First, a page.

The issue "Save Small Business From the CPSIA" is currently at 6th place on Change.org
and today is the last day to vote.
I wish I had known sooner about the voting deadline, as I would have blogged about this before now. But I didn't even find out about CPSIA until a week or so ago.
I want to make a note, that I do think the law is a good idea- in theory. I just think that, as it stands right now, the Act needs some re-working in order to prevent a lot of people from losing a small business that they've worked so hard to create. Isn't that the American Dream?
What is CPSIA, you ask?
Consumer Product Safety Improvement Act.
Sounds like a good thing... Safety First!
So, why did Congress just recently (August 2008) pass this act? Answers to this, and other questions, from the www.change.org website:
"In 2007, large toy manufacturers who outsource their production to China and other developing countries violated the public's trust. They were selling toys containing dangerously high lead content, unsafe small parts, and chemicals that made kids sick."
Hm, well yes. Something had to be done. So what's so bad about CPSIA?
"Among other things, the CPSIA bans lead and phthalates in children's products, mandates third party testing and certification, and requires manufacturers of all goods for children under the age of 12, to permanently label each item with a date and batch number."
Oh! Well that's a good thing. We don't want toys with lead laying just around and all.
But wait! There's more:
"All of these changes will be fairly easy for large, multinational companies to comply with. Large manufacturers who make thousands of units of each item have very little incremental cost to pay for testing and updating their systems to include batch labels. Small businesses however, will likely be driven out of business by the costs of mandatory testing, to the tune of as much as $4,000 or more per item. And the few larger manufacturers who still employ workers in the United States face increased costs to comply with the CPSIA, even though American-made toys had nothing to do with the toy safety problems of 2007.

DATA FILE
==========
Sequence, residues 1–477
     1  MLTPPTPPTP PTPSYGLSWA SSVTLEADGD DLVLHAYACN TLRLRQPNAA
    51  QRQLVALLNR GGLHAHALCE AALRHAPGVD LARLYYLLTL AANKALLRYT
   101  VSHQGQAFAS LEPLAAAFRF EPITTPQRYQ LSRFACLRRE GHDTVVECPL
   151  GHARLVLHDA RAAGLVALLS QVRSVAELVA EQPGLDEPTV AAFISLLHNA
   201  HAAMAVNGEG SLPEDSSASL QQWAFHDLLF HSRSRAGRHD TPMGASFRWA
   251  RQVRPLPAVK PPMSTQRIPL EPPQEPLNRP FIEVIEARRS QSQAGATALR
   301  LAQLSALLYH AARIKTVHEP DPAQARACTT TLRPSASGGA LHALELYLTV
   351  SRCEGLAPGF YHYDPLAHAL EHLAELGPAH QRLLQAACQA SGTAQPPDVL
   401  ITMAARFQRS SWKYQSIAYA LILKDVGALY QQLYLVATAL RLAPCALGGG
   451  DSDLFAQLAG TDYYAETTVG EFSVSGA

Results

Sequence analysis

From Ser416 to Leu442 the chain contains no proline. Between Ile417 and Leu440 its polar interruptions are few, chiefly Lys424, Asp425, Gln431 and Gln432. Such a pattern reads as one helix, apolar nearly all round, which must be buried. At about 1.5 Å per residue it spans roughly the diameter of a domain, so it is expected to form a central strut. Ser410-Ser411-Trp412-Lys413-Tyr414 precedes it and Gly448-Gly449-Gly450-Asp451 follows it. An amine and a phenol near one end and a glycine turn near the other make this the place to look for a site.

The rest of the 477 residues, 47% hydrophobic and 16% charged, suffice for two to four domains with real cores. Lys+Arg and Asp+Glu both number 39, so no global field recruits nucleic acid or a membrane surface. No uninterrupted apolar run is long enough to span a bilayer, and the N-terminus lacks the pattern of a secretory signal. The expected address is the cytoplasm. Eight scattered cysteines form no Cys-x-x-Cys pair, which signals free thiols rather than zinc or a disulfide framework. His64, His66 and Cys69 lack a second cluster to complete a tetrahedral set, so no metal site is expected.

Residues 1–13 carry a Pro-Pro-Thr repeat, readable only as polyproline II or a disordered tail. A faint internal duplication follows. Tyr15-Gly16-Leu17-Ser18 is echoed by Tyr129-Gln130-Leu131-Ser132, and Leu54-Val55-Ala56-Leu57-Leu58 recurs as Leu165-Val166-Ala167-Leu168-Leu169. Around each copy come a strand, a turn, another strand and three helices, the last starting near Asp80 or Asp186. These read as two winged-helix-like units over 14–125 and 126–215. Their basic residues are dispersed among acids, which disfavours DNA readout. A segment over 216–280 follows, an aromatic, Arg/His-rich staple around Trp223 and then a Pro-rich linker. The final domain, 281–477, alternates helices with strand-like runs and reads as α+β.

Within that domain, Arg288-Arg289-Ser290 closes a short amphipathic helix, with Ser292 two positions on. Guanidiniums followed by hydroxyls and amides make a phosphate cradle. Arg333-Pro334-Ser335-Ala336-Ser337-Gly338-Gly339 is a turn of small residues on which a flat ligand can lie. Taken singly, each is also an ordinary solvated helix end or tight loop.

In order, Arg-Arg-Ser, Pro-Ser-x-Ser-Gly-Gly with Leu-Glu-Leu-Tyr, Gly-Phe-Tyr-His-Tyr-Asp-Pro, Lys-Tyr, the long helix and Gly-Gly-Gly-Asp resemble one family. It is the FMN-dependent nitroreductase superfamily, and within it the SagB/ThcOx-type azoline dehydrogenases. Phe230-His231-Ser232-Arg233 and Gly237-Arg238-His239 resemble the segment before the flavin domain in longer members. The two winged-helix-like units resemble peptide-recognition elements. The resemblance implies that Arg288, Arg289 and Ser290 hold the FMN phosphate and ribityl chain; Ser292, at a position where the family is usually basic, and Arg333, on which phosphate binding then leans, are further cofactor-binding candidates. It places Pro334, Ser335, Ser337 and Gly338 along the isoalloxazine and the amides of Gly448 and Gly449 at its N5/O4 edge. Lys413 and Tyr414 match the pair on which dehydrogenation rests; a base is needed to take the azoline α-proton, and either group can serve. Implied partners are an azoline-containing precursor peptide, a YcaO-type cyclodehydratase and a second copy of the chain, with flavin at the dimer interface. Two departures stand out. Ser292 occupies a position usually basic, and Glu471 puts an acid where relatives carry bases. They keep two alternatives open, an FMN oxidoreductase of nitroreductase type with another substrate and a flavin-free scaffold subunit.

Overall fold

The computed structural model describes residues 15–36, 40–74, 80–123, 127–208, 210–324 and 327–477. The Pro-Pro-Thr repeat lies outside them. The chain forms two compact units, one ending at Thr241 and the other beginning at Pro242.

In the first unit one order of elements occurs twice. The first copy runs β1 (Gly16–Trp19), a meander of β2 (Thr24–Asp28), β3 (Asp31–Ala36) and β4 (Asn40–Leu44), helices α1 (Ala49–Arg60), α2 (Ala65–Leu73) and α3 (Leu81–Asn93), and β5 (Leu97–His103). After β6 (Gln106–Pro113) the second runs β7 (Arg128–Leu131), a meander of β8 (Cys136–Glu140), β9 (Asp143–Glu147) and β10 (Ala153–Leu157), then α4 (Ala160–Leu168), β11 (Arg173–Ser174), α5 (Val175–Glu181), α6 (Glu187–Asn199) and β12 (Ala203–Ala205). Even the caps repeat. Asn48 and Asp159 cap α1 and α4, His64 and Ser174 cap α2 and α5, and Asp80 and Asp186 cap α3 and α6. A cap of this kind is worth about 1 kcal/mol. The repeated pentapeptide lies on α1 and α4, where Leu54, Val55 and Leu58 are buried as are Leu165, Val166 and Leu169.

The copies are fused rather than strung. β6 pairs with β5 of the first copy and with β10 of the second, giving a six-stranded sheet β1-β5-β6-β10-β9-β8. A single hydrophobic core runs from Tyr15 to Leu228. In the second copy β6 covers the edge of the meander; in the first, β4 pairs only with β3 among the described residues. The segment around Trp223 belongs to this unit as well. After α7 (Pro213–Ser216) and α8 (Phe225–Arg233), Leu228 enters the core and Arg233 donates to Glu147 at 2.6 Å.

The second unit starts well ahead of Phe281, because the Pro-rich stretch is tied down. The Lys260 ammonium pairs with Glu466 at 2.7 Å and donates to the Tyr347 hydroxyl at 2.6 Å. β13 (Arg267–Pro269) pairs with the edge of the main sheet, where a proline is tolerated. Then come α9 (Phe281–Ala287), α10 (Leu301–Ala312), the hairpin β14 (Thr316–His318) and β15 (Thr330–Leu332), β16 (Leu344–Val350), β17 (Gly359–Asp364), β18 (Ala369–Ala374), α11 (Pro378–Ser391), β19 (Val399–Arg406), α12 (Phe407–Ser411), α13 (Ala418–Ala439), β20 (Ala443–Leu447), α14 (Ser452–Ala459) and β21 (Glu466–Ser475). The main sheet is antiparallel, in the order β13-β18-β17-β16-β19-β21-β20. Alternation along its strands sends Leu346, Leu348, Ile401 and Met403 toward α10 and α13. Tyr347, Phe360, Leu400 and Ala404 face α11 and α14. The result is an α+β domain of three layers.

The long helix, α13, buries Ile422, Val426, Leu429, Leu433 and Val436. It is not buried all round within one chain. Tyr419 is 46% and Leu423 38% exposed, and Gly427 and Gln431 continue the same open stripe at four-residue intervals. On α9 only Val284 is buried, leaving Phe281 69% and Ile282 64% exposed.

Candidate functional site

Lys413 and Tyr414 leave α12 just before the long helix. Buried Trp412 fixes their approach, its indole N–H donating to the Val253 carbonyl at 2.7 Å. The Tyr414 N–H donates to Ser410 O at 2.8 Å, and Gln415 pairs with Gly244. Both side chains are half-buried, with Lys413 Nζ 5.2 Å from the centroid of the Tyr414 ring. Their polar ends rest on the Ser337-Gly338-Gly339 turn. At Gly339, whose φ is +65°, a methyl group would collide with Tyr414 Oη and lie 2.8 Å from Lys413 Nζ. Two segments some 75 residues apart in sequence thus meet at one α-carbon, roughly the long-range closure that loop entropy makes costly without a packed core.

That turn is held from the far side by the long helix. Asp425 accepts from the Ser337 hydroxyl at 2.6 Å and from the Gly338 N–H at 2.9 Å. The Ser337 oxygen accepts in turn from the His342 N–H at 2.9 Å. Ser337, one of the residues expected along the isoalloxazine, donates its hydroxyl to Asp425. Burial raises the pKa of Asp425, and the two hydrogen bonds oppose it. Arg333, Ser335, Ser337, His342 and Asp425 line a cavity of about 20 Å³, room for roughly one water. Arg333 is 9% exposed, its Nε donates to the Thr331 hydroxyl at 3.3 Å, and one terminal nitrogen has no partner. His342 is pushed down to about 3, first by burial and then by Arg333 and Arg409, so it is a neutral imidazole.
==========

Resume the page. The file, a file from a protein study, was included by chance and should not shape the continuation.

Anyone who produces or sells any of the following new or used items will be required to comply with the law: toys, books, clothing, art, educational supplies, materials for the learning disabled, bicycles, and more. Any uncertified item intended for children under the age of 12 will be considered contraband after February 10, 2009. It will be illegal to sell or give these items away to charities, and the government will require their destruction or permanent disposal, resulting in millions of tons of unnecessary waste, and placing an enormous strain on our landfills."
The website www.Etsy.com, which sells only handmade goods, has an entire forum dedicated to CPSIA discussion:
since there are many people in the Etsy handmade community who sell handmade items for children, including clothes, accessories, toys, art, etc.
Some people who've written to their representatives have been told that the bill will have a provision providing exemption for One Of A Kind items. Let's hope they're right!